Four out of five Americans between the ages of 12 and 24 develop acne on their skin, but scientists still struggle to explain its cause. Although clinicians have long assumed that bacteria play an important role, the latest evidence suggests that key genetic differences among the bacterial strains that live in your pores make the difference between picture-perfect skin and unsightly pimples.
A team of scientists from the University of California, Los Angeles, The Genome Institute at Washington University in Saint Louis and the Los Angeles Biomedical Research Institute has conducted the most exhaustive study of acne-associated bacteria yet. As they report in the Journal of Investigative Dermatology (JID) on February 28, the researchers found that some strains may contribute to skin disease whereas others could help fend it off.
“People have been treating acne as though all bacteria were the ‘bad guys’ in acne,” says U.C.L.A. molecular biologist Huiying Li, the study’s principal investigator. “Our study shows that some strains may be bad, but some strains may be good.”
Chances are that playing host to the wrong type of bacteria is not the only cause of the condition formally known as acne vulgaris. Dermatologists have also invoked the role played by hormones, oil glands and clogged pores. Treatments from soaps to prescription antibiotics often target the bacteria in pores. The JID study offers the strongest evidence yet, however, that bacteria play a key role in both causing as well as preventing at least some kinds of acne.
The research team collected samples of bacteria from within the nasal pores by using cleansing strips on 49 acne patients and 52 individuals with healthy skin. They found that a single type of bacteria—Propionibacterium acnes—predominated in the nasal pores of both clear-skinned and acne-prone individuals. To decipher what made the difference, the scientists had to analyze the strains of P. acnes present in pores.
Using select genetic markers, the researchers identified more than 11,000 strains of P. acnes. Further analysis pinpointed the 10 most common strains, dubbed ribotypes 1 through 10. Six of these strains were strongly associated with unhealthy skin. One strain, ribotype 6, was found only on healthy skin. Because these strains exist as part of a community of bacteria, or microbiome, the researchers next profiled the populations that exist within pores. They identified five common microbial combinations and found that two, dominated by ribotypes 4 and 5, were found primarily in acne patients.
These patterns provided more evidence that different strains of P. acnes might relate to healthy or sickly skin. But to investigate whether certain strains could be harming or benefiting human hosts, the researchers needed to study the genetic structure of each.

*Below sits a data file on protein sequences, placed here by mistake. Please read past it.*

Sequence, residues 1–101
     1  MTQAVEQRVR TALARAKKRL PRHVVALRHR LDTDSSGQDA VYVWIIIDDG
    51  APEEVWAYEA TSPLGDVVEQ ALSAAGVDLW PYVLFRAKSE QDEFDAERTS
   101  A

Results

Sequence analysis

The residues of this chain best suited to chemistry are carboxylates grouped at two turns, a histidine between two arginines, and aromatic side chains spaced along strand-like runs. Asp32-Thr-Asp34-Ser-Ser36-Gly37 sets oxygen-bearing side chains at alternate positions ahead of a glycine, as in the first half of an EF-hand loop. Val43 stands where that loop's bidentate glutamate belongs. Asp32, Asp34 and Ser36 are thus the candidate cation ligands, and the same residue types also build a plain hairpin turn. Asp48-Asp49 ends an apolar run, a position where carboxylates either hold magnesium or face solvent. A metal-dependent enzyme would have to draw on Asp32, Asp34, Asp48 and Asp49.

The scientists sequenced the DNA of 66 isolated samples of P. acnes from 10 different strains and then combined this information with five other published P. acnes genomes. Comparing these 71 genomes, they constructed a family tree that revealed how this species of bacteria had evolved and the genetic variations that had shaped each strain.
At last, the researchers could see why ribotypes 4 and 5 might cause so much trouble. Certain specimens had acquired DNA from other bacteria that could provoke an immune response in the skin or allow bacteria to stick more aggressively to the host. By contrast, the scientists identified a possible explanation for ‘helpful’ bacteria. Select specimens from other strains, such as ribotypes 2 and 6 appear to possess a defense system that could combat invading DNA from harmful viruses. University of California, San Diego, dermatologist Richard Gallo, who was not involved in the study, observes that this finding hints how treatments that wipe out entire bacterial populations may not be appropriate. “Many of us in the scientific community are showing how most bacteria on the skin benefit us,” Gallo says.
If further study confirms the link between these bacterial communities and acne, the study authors believe treatments for the condition could be further refined. “We could diagnose patients better [based on their microbiome] and predict better treatments,” says study author Noah Craft, a dermatologist of the Los Angeles Biomedical Research Institute. In addition, natural probiotic options—treatments that support the growth of certain microorganisms—could be used to encourage beneficial bacteria whereas more sophisticated antibiotic approaches could selectively target harmful bacteria.
Much remains to be understood, however. Craft adds that it is probable their findings might help explain acne in just one in five cases. “We didn’t specify the subtype of acne in this study,” he says. Craft suspects that more study will reveal how acne vulgaris is actually several different skin diseases.
Microbiologist David Relman of Stanford University, not associated with the study, adds that the complexity of the microbiome could further contribute to the disease’s occurrence. “We have to remember that nearly all microbes spend all of their time as part of a community,” Relman says. He suggests that their “chatter” within that community can influence bacterial behavior—whether beneficial or harmful.